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September 22, 2005

Charging for Columnists: Notes and Comment on the Launch of TimesSelect

"If one faction wanted to go the Wall Street Journal's pay wall route, and another wanted to remain free like the Post, then TimesSelect is not a hypothesis for how to succeed on the Web, but just a mid-point between competing theories. That alone is reason to worry."

“Despite all that has happened, I still think that The New York Times has a stature and a position of journalistic authority that is greater than any news organization in the world. Could that be destroyed? I believe that it could be.”— Alex S. Jones, former reporter, New York Times, co-author of The Trust, a history of the Sulzberger family, in Business Week, January 17, 2005.

I agree with Jones: it could be. And I have some thoughts on the launch of TimesSelect, the new premium content package from the New York Times, which throws the columnists behind a pay wall, and opens the archives to Select subscribers. (For the basics, see the Washington Post’s story; Len Apcar’s note to users.)

“We have been tested many times in our 154-year history as we are being tested now.” That’s Times Publisher Arthur Sulzberger, Jr. and CEO Janet Robinson in Tuesday’s note to staff about a new round of layoffs at New York Times Company (500 jobs company-wide.) The launch of TimesSelect is a big part of “being tested.” On the line is the company’s wisdom about itself, the Web and the place of its flagship newspaper in the new information order.

It will be easy enough to know whether it’s working. How many people sign up and pay the $49.95? It will be harder to know if there’s damage to the Times brand caused by the new pay walls. “He’s looking for significant numbers,” writes Editor & Publisher’s Steve Outing about Martin Nisenholtz, president of New York Times Digital. “The goal won’t be met with TimesSelect subscription numbers in the tens of thousands, Nisenholtz says; it needs to be in the hundreds of thousands in the early years, and even more over the long term.” There’s your scorecard.

I think they might reach their goals, at least at first. (For some users the archive alone will be worth the price.) Outing explains the bet:

One factor that Nisenholtz thinks will encourage people to pay to keep reading the Op-Ed crew is the notion of the “Times loyalist” — perhaps 1.5 million to 2 million readers who are devoted to the New York Times brand, and spend significantly more time reading than they do other news sites. With them, he claims, their willingness to fork over “the equivalent to buying a few martinis” for an annual subscription could be expected.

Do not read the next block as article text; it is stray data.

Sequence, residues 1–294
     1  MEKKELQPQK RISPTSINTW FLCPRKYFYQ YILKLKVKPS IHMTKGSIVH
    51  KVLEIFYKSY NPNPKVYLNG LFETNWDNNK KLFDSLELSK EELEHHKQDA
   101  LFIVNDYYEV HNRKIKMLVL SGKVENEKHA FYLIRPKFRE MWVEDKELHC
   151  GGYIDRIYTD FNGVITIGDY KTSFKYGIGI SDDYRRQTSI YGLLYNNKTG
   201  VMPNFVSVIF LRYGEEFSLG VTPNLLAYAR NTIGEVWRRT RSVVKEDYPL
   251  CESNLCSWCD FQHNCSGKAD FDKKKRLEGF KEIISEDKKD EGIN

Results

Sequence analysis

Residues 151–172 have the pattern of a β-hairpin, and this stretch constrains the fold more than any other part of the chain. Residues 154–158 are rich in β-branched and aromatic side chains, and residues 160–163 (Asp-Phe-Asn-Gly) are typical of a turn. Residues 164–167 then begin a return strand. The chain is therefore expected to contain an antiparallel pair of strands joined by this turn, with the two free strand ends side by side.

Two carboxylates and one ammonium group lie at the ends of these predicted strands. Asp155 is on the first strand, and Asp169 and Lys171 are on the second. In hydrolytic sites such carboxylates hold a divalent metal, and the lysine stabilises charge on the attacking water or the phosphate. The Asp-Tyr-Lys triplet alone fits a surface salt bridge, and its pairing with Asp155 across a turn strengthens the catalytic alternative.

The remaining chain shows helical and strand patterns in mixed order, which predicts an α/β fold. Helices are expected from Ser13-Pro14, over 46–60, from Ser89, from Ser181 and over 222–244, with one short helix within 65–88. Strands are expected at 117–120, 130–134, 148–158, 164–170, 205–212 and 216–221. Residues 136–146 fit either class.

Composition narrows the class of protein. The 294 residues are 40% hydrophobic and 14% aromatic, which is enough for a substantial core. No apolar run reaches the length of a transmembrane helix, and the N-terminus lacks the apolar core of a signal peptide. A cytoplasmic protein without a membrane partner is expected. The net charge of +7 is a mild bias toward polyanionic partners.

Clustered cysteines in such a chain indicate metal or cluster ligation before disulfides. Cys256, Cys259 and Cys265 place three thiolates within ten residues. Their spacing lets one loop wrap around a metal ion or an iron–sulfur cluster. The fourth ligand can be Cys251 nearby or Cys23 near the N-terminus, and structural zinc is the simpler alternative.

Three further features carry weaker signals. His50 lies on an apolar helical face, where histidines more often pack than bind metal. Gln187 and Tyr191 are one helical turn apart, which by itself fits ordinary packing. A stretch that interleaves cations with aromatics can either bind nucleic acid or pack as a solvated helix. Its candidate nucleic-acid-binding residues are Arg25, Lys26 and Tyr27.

As I said, they’re being tested on this logic, and what it might overlook even where it makes sense. The National Review’s Jonah Goldberg thinks it plays narrowly to the (liberal) Times base. If liberals are more willing to buy premium access, and conservatives less, doesn’t that make TimesSelect an ideological purifier?

Outing: “Steve Klein, an online journalism professor at George Mason University, says one of his students raised an excellent point during a class discussion this week about TimesSelect: ‘Even if the Times picked up most of its existing online readers, how are they going to grow a new generation of online Op-Ed readers if they keep the columnists behind a pay firewall?’ Good question.”

Yes, it is. My own questions start with this sentence in the corporate side’s press release, describing TimesSelect as “a new product offering subscribers exclusive online access to the distinctive voices of the Op-Ed, Business, Metro and Sports columnists of The New York Times and the International Herald Tribune (IHT).”

The phrase “exclusive online accesss” advertises two different goods. The first good is the work of the Times columnists themselves. The proposition that some will pay for that is hard to prove until you try, but it’s simple to understand. The second good being advertised is exclusivity. You, the lucky TimesSelect subscriber, have access to these voices. Others do not. The value proposition there is muddled. If we prize up-to-date information about petroleum markets, we might value it more—and pay a premium—if the news is exclusively available to paying customers; but do we value Nicholas D. Kristof’s column more if he’s an “exclusive?”

We don’t. In fact, it’s probably the reverse. If everyone is reading a columnist, that makes the columnist more of a must have. If “everyone” isn’t, less of a must. “Exclusive online access” attacks the perception of ubiquity that is part and parcel of a great columnist’s power. In his prime Walter Lippmann was called “the name that opened every door.” Nick Kristof’s brand of human rights journalism, which depends on the mobilization of outrage, is simply less potent if it can’t reach widely around the world, and pass by every door.